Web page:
Salomon XA Pro 3D Trail Runners

It all started with a post I saw on Mark Owen’s (@markowenseal) Instagram feed. Nothing even over the top really, just a bunch of dudes, wearing Salomon XA Pro 3D shoes with Multicam pants. At the time, I was in the market for some new trail shoes so obviously, this piqued my attention. When a former member of DEVGRU posts a photo like this and says “ Best mid weight shoes ever”, I knew I had to check them out. I don’t imagine Mr. Owen was paid by Salomon to endorse their shoe, but considering at least his demographic, they couldn’t have asked for a better endorsement.


Fast forward a few weeks, and I’m at Mountain Equipment Coop in Toronto walking around, not necessarily wanting anything, but wanting everything at the same time. I see the grey and green shoes on the shelf and think to myself… wait a second. I pull out my phone to check out the Instagram picture again, and sure enough, they are the same shoe, just an older generation. Part of me thought I was going to have to go to some sort of online tactical store to grab these. I’ve got wide, flat feet so buying shoes without being able to try them on usually makes me fairly hesitant. To make my day even better, I found out that they came in a wide version, and most importantly they were comfortable! I remember after watching a video a number of years ago that described a pair of Vasque shoes that were worn by one of the other operators during the UBL raid, I was motivated to seek them out only to find out my foot and that shoe were never meant to be.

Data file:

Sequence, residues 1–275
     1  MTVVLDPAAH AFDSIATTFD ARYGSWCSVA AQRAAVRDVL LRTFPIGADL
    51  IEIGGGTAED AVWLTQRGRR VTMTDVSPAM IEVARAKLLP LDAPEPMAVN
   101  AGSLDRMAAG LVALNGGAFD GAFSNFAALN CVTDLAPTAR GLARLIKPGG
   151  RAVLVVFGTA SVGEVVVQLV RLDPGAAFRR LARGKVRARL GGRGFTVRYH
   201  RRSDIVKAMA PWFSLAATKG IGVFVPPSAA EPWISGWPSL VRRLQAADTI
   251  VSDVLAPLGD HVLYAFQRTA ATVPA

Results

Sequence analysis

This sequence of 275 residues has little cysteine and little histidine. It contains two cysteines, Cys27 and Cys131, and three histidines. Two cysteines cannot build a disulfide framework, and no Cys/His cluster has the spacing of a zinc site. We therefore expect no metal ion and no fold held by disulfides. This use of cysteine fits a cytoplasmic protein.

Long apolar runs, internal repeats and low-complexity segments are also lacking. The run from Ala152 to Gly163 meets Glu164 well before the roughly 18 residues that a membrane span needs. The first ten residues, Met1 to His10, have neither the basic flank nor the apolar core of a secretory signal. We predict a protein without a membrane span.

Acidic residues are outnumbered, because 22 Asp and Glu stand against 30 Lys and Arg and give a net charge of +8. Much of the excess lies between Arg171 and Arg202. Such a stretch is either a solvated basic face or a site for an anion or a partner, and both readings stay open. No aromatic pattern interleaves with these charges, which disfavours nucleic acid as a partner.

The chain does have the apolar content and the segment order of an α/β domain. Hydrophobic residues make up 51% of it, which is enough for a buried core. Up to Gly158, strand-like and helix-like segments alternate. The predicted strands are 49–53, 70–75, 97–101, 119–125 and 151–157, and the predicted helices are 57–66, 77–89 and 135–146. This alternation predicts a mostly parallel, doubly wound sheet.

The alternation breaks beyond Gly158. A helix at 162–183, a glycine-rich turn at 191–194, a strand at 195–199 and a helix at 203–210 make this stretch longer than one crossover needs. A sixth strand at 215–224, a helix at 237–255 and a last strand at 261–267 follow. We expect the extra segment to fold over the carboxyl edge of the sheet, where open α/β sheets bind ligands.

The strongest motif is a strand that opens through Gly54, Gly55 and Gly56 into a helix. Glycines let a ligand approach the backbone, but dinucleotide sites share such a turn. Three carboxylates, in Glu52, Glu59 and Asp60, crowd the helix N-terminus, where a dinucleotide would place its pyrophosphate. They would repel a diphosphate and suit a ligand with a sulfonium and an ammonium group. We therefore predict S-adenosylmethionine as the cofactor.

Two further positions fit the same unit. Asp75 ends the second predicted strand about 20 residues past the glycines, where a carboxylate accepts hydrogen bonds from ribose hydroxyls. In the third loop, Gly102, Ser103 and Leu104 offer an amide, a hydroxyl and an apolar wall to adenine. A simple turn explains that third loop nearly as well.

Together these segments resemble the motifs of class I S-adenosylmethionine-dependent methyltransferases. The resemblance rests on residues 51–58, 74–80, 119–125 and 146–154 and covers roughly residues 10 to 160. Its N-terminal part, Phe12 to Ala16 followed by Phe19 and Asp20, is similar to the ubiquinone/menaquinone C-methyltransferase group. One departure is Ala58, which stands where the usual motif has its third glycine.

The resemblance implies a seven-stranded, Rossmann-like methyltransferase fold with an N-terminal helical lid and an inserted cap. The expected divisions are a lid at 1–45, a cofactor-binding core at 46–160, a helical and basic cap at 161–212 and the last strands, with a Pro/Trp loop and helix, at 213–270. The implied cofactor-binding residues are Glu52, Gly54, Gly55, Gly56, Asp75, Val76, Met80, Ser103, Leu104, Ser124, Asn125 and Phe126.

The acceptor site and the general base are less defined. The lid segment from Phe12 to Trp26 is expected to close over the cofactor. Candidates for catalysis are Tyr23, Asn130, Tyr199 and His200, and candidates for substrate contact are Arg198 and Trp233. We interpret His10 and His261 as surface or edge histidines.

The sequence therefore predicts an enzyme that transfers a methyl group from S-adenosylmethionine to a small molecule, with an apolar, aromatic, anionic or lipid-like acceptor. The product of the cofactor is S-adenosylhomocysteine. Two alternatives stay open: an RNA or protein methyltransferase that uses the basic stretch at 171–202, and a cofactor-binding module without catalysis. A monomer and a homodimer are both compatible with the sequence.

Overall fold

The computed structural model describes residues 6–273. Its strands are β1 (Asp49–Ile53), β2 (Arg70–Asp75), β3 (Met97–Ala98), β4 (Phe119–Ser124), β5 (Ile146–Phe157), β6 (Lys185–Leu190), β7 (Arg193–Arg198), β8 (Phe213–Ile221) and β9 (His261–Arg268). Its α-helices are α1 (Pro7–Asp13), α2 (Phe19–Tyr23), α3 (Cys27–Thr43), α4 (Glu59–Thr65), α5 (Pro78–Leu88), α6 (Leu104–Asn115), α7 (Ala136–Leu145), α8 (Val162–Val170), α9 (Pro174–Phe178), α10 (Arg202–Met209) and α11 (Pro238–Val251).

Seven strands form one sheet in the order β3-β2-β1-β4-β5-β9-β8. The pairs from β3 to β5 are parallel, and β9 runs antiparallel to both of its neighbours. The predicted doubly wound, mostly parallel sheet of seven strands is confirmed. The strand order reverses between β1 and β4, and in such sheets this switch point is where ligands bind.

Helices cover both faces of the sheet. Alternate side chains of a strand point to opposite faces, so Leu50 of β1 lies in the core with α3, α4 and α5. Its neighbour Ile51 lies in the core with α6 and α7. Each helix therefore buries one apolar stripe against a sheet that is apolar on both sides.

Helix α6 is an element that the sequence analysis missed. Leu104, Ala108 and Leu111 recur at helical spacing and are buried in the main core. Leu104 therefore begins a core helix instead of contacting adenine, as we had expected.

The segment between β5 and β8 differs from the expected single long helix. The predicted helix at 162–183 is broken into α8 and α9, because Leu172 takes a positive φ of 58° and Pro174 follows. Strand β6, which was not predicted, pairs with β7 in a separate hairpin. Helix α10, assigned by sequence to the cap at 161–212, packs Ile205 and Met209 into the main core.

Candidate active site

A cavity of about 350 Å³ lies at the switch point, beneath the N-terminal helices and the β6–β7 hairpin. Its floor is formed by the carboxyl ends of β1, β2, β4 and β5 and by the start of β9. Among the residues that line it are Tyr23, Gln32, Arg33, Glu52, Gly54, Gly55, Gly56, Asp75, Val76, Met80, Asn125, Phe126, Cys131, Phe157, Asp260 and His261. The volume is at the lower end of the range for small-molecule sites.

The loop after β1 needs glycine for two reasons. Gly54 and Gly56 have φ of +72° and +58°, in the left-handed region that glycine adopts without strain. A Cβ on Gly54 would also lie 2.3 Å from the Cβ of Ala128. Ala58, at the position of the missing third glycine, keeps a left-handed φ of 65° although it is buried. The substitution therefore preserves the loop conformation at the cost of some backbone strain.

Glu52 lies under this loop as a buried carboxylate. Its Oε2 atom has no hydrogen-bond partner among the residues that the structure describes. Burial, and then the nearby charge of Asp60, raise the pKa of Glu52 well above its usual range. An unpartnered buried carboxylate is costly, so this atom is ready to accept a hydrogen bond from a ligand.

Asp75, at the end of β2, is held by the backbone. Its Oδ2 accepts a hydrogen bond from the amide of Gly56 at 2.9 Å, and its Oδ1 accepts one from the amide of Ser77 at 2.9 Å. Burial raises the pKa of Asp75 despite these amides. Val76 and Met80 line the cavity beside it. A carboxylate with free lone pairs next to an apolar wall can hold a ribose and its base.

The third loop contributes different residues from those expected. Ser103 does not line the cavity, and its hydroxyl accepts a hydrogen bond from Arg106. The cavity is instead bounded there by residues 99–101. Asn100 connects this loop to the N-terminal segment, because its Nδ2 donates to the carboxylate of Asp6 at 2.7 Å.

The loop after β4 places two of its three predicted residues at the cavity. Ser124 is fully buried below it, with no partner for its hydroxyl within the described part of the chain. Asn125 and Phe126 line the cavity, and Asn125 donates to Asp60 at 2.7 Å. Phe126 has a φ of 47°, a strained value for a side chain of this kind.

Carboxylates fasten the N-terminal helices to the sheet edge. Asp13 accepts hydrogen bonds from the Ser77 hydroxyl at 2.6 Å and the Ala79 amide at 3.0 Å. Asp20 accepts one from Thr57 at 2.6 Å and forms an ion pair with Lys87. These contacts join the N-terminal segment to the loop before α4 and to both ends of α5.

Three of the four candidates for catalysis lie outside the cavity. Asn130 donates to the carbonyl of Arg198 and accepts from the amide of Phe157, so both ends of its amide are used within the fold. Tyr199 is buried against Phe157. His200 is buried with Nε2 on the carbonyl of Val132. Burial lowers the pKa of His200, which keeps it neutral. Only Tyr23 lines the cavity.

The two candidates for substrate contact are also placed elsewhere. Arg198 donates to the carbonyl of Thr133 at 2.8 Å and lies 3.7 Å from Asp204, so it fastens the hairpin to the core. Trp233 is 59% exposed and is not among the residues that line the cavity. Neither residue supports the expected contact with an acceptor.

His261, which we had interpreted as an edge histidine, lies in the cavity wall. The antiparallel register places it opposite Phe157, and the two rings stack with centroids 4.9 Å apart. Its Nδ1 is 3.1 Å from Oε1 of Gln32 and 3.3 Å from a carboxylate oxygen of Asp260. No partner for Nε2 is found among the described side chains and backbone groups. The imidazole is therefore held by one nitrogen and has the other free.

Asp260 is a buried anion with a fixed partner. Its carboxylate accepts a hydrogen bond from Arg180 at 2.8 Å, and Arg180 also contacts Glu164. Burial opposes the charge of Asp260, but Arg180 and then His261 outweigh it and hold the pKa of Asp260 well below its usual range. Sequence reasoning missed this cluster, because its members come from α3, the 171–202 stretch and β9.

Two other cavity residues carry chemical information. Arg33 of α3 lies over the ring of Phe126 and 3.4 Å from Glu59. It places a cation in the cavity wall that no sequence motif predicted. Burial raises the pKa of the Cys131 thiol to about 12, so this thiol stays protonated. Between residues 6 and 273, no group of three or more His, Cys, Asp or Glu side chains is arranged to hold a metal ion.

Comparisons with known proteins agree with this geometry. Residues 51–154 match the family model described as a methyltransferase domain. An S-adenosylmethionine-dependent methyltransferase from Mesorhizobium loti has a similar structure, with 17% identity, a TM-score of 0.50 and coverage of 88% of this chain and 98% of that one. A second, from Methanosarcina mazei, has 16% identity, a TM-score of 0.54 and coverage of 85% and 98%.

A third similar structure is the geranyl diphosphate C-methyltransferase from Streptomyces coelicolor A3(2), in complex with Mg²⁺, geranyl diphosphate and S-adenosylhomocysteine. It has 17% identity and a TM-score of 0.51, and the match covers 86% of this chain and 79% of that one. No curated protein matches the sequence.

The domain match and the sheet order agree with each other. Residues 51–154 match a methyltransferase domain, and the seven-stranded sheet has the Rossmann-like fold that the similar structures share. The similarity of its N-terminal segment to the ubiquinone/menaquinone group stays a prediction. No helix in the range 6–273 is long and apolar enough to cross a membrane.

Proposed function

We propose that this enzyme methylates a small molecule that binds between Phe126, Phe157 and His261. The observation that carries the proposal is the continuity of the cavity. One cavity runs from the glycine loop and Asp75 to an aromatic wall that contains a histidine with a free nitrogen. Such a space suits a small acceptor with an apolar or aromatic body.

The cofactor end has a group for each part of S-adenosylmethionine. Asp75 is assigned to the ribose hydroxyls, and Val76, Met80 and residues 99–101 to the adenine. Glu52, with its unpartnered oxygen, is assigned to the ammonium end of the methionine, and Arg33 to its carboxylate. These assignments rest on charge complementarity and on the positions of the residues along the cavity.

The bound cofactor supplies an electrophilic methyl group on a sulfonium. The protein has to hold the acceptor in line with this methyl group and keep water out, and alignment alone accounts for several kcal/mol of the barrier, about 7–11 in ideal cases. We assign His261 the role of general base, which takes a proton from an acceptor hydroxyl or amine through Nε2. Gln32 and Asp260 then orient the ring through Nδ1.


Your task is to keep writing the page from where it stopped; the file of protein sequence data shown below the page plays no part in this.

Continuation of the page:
It’s been a few years since that fateful day at MEC, and I’m currently on my second pair. I use these shoes for everything from running to hiking. I even used them for a 24-hour Goruck Heavy event last year. I’ve heard plenty of times over the years that ankle support is necessary for extended hikes, especially with heavy weight, but personally, I’ve never had a problem, but your mileage may vary. On the other side of the argument, which I’ll dig into in a second, is the idea that lighter shoes will reduce the aerobic demand of running. At .75 lb (340g.) per foot, they aren’t the lightest shoes around, but the support, protection, and considering how much lighter they are compared to my boots, I’m definitely a fan.



In the early 1980s, Dr. Jack Daniels (How could you not like this guy), was working with Nike and presented to the World Congress of Sports Medicine his findings that adding 100 grams to the shoe increased the aerobic demand of running by 1%. In practical terms, that means that if you can run a mile in 5:40, reducing your shoe weight by one ounce, Daniels found that you could shave .83 seconds per mile.